Late Bronze Age Blythburgh hoard declared a Treasure

Hundreds of metal fragments were found along with pieces of pottery

A Late Bronze Age hoard containing sword and spear fragments has been declared a treasure, although it has none of “the stereotypical ‘shiny gold’ things that we usually see on the news”.

The pieces were found by a detectorist in a field in Blythburgh in Suffolk in March 2019 and are more than 2,000 years old.

Fragments of “metalworking debris” and pieces of pottery were found together.

Finds liaison officer Anna Booth said it was of “great archaeological value”.

Ms Booth, from Suffolk County Council, said: “The find is interesting because it is a fairly large group, contains material from the Middle to Late Bronze Age and, unlike most Bronze Age hoards, does not contain axes and spearheads, but rather Pieces of swords and the chape [protectors] from scabbards.”

In his report to the coroner, Dr. Edward Caswell, the Oxfordshire Finds Officer: ‘The objects were found in close proximity and are associated and therefore constitute a single find all appearing to have been deposited in the Late Bronze [Age].

“As such, this constitutes a collection of more than two base metal (base) objects of prehistoric date and consequently qualifies as a treasure under the provisions of the Treasure Act 1996 (Designation Order 2002).”

The treasure, which has not yet been appraised and dates to 1050-800 BC. Dated to B.C., contains more than 300 fragments of what Dr.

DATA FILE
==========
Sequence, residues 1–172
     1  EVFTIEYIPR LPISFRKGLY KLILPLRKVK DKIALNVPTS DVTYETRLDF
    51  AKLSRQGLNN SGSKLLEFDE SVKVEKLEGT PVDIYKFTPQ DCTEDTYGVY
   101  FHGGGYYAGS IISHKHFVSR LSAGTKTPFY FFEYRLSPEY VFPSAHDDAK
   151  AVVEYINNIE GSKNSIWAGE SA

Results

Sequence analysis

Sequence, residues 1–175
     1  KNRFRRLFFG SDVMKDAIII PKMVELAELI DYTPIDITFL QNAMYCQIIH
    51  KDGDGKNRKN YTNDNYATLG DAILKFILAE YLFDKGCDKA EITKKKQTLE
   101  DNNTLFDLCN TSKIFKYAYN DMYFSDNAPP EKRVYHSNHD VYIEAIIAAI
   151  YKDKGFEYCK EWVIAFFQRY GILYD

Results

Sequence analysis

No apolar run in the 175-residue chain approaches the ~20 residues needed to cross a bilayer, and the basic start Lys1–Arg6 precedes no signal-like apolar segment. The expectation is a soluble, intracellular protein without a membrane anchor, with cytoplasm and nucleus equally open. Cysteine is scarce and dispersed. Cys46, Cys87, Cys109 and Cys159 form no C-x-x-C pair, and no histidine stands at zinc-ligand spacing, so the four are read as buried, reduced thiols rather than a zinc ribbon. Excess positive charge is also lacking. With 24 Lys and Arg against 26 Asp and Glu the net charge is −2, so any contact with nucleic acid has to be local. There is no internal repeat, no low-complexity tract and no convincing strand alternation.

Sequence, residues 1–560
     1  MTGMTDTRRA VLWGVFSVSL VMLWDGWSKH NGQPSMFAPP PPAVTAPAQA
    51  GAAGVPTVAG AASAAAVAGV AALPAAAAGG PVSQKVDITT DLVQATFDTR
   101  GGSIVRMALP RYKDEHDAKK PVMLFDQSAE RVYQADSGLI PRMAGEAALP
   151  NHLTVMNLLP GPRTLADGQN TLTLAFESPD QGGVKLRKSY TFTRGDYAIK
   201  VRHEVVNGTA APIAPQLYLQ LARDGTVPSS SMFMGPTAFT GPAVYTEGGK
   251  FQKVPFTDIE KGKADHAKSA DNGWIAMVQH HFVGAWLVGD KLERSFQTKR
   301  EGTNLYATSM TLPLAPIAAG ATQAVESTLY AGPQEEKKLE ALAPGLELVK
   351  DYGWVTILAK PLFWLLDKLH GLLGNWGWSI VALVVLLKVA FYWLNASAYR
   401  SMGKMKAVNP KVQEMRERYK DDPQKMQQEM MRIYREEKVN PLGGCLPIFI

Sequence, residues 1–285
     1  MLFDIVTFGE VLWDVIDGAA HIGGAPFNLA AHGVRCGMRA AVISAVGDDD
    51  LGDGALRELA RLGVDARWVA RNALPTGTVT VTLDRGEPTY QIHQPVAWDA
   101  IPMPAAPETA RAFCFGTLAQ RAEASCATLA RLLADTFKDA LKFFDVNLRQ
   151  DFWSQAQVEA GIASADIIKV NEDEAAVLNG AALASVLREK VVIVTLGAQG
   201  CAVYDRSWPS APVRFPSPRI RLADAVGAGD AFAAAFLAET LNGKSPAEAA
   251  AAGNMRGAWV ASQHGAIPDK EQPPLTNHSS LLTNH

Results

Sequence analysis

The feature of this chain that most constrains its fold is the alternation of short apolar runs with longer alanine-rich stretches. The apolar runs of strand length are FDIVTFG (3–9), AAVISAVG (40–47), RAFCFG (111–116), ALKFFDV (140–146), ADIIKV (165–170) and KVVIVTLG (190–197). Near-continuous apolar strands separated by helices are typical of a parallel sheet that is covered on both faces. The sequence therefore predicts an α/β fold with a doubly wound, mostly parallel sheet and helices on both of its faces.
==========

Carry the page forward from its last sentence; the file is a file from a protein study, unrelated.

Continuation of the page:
Bronze Age hoard laid out on the table

The hundreds of items have been carefully examined and catalogued

Ms Booth said: “While it doesn’t fit the ‘treasure’ stereotype, it still has great archaeological value.

“Bronze Age hoards are often reported under the Treasure Act and this helps us develop a much deeper understanding of when, where and why they were deposited.

“For a long time archaeologists thought they were just groups of scrap metal hidden for recycling, but we’re beginning to see patterns in the way they were deposited, suggesting that deeper, more ritualistic things may also be at play.” go.”

The treasure was “a great example of how the most interesting material isn’t always the stereotypical ‘shiny gold’ things we usually see on the news,” Ms Booth said.

She said the Halesworth Museum was hoping to acquire the treasure to add to its collections.

“They have already acquired a large Iron Age gold hoard from this area and this will be a nice addition to their growing collection of prehistoric material if they can proceed with the acquisition,” she said.

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